Raising Readers

My children are pod people. Do I date myself when I use that reference? Body Snatchers was a really bad movie released in 1993. It’s the third remake based on a book called The Body Snatchers, written in 1955. Basically, it’s about an alien race that aims to take over our planet by creating exact replicas of us, except the replicas have no emotion. It is a reference I use all the time when referring to the fact that my children can completely change their personalities from one day to the next. I am told this is normal child development, but I am reserving judgment. It is still possible I am raising aliens.

Have you heard of the term “grok”? It is from a 1961 book by Robert Heinlein called Stranger in a Strange Land. It means to understand something, but on a deeper level. The alien did it by putting things in his mouth. I use it to indicate some kind of symbiosis with an idea or a person. My closest friends and I “grok” each other. We do not always communicate with words; we just know what the other would do or say. I will admit, I have been known to be a bit snobbish and use someone’s knowledge of the term to decide whether we can be friends. If you get my random (often, but not always) science fiction references, we’re good. I use references to literature so often, I usually don’t even notice until someone looks at me funny.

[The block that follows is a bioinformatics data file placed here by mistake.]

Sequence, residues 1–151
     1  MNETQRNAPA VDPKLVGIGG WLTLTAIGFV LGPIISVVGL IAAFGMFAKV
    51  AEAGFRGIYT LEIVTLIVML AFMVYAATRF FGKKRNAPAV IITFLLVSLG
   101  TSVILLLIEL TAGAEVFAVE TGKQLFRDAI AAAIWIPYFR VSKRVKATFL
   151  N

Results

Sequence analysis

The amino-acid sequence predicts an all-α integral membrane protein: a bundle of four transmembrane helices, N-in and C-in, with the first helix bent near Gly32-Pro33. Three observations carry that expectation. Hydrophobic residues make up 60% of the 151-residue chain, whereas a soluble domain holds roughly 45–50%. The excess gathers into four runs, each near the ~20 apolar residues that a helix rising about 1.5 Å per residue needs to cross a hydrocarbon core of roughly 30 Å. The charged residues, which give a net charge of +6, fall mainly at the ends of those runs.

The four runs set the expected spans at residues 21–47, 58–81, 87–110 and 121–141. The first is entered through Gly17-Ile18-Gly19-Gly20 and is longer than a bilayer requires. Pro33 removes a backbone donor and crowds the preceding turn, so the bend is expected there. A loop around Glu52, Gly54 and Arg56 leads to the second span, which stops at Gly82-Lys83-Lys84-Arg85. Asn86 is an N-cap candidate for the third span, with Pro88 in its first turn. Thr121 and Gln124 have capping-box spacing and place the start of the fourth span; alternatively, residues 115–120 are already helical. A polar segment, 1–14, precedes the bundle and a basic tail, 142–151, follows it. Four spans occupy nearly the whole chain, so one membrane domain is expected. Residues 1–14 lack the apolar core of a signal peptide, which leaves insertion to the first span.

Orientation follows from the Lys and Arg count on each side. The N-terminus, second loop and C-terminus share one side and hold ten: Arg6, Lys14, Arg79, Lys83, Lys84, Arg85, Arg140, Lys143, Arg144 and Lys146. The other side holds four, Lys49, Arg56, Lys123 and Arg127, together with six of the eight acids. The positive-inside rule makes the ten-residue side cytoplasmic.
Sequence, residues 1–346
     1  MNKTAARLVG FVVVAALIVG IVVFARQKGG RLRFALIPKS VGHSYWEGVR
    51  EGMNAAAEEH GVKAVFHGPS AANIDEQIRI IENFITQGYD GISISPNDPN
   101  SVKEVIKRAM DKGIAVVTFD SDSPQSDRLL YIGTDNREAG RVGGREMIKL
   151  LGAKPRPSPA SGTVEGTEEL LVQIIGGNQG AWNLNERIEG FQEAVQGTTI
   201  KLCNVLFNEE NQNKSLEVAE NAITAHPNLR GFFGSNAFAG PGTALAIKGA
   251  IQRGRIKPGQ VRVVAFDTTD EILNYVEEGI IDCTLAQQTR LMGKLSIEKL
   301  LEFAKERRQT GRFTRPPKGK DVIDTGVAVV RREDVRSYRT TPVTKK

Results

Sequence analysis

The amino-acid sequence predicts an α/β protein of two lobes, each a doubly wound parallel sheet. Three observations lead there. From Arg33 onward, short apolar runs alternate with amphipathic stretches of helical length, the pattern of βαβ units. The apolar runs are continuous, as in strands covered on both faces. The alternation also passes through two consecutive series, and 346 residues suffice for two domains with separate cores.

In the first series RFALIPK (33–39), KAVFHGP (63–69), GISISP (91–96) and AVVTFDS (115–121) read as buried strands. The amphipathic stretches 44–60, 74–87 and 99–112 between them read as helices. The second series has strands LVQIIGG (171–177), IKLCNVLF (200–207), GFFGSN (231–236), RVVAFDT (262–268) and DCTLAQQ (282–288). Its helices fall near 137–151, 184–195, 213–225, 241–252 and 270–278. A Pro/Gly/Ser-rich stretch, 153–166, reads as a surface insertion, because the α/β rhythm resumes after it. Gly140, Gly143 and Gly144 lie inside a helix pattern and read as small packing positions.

Like most pregnant women, I had dreams and hopes and fears for my unborn children as my belly grew. Would they be artists or engineers? (Turns out, both.) Would they be easygoing or strong-willed? Would thy be picky eaters? After all the angst and wondering, I finally boiled my belly wishes down to a couple important things: (1) Please be kind; and (2) please be readers. I could work with anything else—just please, PLEASE give me those two things. I did not care whether they were short or tall, fat or skinny, gay or straight, intelligent or average, had an extra toe or purple polka-dotted skin. I would love my kids no matter what. But if they weren’t readers, it was going to be very hard. I don’t know how to relate to people who don’t read.

I am an only child. Books were my world during my childhood. In talking to other only children, it seems I was not alone in that. Books were my escape when life was hard. I was also overweight, socially awkward, and a bit weird. Books were my safe place until I could find other weirdos like me. They were my dreams of a future reality. They continue to comfort, shield, and allow me to escape reality to this day. Even as an adult, when I have a rough day, a good book will soothe my soul more than anything (yes, even chocolate or wine). Knowing how much being an avid reader has made me who I am, I wanted my kids to have that same opportunity. Plus, I think readers are more interesting than non-readers.